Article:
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film criticism by maryann johanson | since 1997

El Crimen Perfecto (review)

What if they gave a black comedy and nobody laughed? See, it’s ironic, this “perfect crime” nonsense, cuz nothing goes right and the characters are all perfect losers whom, it is hoped, we will laugh at cuz they’re such dorks. There’s Rafael (Guillermo Toledo), see, a salesman at a Spanish department store. Except we don’t realize that’s what he’s up to when we first meet him, when he’s talking right at the camera about ambition and going after what you want and being really aggressive and you gotta figure he’s a drug dealer or a mobster or something when really he’s just selling fur coats to insecure overweight middle-aged ladies while also screwing all the pretty salesgirls in the dressing rooms. And it’s “funny,” see, that he has all these grand dreams, like someday ascending to floor-manager rank, that are such pathetic ambitions, so that when the movie finally gets started and he finally commits an accidental murder that should be good for his “career,” you just wanna sigh and say, Yeah, so what? The body disappears and another department-store loser indulges in some emotional blackmail to get what she wants from Rafael but you know, just cuz a movie has subtitles doesn’t make it deep or meaningful or even worth your time. Unless, maybe, you’ll looking to practice your street Spanish. Cuz there’s definitely words here they don’t teach you in high school.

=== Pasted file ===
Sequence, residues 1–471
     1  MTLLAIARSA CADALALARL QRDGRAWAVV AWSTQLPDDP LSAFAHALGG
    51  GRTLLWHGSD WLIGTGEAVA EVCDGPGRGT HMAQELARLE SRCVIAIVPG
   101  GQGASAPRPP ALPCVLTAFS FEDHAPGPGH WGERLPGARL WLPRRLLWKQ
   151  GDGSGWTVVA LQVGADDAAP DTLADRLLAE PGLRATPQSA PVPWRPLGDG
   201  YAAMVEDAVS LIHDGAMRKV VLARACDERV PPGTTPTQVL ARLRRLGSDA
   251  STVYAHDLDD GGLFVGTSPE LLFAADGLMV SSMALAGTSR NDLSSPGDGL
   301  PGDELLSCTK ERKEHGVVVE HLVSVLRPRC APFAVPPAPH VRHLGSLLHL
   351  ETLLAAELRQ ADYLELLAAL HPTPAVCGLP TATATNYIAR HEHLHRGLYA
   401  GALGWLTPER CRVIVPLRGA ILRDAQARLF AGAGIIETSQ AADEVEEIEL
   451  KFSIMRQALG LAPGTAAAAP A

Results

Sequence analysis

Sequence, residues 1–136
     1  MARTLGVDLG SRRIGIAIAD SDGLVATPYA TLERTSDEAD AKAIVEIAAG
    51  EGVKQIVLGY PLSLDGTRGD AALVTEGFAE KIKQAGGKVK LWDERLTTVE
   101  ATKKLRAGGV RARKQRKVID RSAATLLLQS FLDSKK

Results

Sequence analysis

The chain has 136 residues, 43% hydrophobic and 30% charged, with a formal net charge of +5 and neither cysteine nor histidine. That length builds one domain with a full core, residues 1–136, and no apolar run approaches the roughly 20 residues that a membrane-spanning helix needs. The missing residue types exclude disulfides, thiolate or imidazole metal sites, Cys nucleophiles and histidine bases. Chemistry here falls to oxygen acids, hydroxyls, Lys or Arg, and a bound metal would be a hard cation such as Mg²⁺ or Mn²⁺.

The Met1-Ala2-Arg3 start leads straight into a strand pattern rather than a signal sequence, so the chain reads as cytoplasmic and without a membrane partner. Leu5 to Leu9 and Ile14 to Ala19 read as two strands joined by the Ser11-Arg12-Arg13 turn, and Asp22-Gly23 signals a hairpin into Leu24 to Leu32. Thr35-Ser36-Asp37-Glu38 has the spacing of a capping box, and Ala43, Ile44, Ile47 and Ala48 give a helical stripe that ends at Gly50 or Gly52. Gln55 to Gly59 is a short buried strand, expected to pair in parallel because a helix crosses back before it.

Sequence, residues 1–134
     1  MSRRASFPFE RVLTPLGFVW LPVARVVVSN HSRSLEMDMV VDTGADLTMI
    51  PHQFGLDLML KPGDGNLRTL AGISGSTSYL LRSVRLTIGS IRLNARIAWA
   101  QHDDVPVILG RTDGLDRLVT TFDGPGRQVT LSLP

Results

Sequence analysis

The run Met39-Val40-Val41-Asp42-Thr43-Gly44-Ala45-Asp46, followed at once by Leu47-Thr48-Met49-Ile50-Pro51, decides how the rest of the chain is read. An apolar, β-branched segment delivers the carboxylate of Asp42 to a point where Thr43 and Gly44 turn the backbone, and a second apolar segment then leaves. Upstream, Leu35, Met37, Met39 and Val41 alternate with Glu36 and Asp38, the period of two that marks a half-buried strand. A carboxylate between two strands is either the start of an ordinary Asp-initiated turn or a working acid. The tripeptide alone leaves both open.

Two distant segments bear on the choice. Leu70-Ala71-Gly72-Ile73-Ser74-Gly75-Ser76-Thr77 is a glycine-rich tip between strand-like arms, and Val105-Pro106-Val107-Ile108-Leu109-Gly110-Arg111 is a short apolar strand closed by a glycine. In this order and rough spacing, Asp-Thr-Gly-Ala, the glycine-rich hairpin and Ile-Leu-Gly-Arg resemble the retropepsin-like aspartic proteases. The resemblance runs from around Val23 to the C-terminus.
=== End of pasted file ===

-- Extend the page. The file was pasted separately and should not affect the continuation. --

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MPAA: not rated

viewed at a private screening with an audience of critics

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